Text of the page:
Stanford Today Edition: November/December, 1996 Section: Sports WWW: Sports News


Sports News

Tiger Turns Pro What did Eldrick "Tiger" Woods do during his summer vacation? He made history. In August, he won his third consecutive U.S. Amateur Golf Championship - a first since the event's inception 101 years ago. His dazzling performance at the Pumpkin Ridge Golf Club near Portland, Oregon, marked the end of his amateur career. Within days of his triumph, Woods joined the Pro Tour in Milwaukee, where he earned $2,544 - his first professional prize. Within a few weeks, Woods won nearly $300,000 and his first victory as a pro at the Las Vegas Invitational. But all that's mere pocket change compared with the $40 million-plus he will earn from endorsement deals signed with Nike and Titleist. Woods, who would have begun his junior year at Stanford in September, promised his parents and himself that he'll come back and get his degree some day. For now, however, the textbooks will have to take a back seat to the record books.

Tennis Goes World Class Tennis facilities are being expanded in a $5.2 million project due to be completed in February. The Taube Family Tennis Stadium will provide a doubled seating capacity of 2,500, a championship indoor court, plus office and seminar space. The Tad Taube family's $2.5 million lead gift complemented contributions from more than 400 individual donors. With the use of temporary seating and the conversion of the stadium to a single court for championship play, there will be some 4,500 seats. Stanford will host the NCAA Women's Tennis Championships in 1997. "We want to give back to the community by bringing other major events, such as early Davis Cup rounds and World Team Tennis," said Dick Gould, men's head coach.

W-hoop-ing It Up Coach Tara VanDerveer is back, but coaches Amy Tucker and Marianne Stanley and their incredibly talented team didn't miss a beat during VanDerveer's one-year Olympic leave. And 10 players from the 1995 NCAA championship semifinalist team, including all starters, have returned to join VanDerveer in another run toward a national title. (Stanley is coaching women's basketball at Cal.) Even in VanDerveer's absence the Cardinal women reached the Final Four for the fifth time in the 1990s (one of only three teams to do so). They won the seventh Pac-10 championship in eight years; and set a record of 29-3 (18-0 in conference play). In Stanford's five Final Four appearances, the team has won two national titles. VanDerveer's time off was well spent. She led the USA Women's National Team to an undefeated year of international play. Their crowning glory was a gold medal in Atlanta. The 1996 Cardinal women got a well-earned lagniappe during the fall - a five-game overseas trip, which the NCAA permits once every four years. In 1992, it was to France. This time, the team went to Italy. Both trips were funded by a devoted - but anonymous - Stanford supporter.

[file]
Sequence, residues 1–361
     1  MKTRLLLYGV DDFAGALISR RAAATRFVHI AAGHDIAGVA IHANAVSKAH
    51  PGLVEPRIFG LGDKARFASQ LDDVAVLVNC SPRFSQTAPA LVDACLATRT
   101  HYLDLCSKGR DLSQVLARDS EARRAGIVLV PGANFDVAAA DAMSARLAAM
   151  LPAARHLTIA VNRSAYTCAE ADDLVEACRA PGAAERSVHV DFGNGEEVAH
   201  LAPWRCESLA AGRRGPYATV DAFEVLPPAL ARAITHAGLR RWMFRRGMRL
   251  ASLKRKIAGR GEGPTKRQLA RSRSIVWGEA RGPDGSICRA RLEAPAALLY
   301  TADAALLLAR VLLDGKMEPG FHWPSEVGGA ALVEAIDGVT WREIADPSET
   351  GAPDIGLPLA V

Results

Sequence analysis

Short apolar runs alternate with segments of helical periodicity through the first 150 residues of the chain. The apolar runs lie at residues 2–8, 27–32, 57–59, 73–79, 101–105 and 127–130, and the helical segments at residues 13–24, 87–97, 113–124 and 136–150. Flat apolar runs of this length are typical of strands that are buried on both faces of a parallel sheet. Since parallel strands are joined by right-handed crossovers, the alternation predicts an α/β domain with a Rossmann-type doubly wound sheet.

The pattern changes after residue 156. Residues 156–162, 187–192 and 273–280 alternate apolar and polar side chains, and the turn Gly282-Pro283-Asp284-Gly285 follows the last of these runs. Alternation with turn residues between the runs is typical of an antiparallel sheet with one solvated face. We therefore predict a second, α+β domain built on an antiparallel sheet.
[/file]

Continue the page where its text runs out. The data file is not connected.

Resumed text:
Women's Tennis Gets Lift The upgraded stadium will not hurt for local talent. Three stellar frosh are joining Coach Frank Brennan's women's tennis team. Lilia Osterloh, from Columbus, Ohio, is the No. 1 ranked junior in the world, and was the Wimbledon Junior doubles champion. At the 1995 U.S. Olympic Festival in Colorado, Teryn Ashley, from Chestnut Hill, Mass., was a gold medal winner in doubles, and ranked No. 12 nationwide in 18-and-under. Anne Kremer, from Luxembourg, is her nation's No. 1 ranked woman, and is rated No. 140 worldwide. She was her country's flag-bearer at the Olympic Games in Atlanta. Stanford women finished second in the NCAA championships this spring, and the men won the national crown.

Parking Lot Paved For the first time, Stanford Stadium's closest parking lot has been paved and landscaped. Of the 400 spaces at the Stadium's south end, 293 are reserved for handicapped parking. The project includes the entire area between Chuck Taylor Grove and the intramural fields and the area around Sunken Diamond. A major feature of the landscaping includes several dozen mature oaks. The huge eucalyptus trees all were saved and incorporated into the design. ST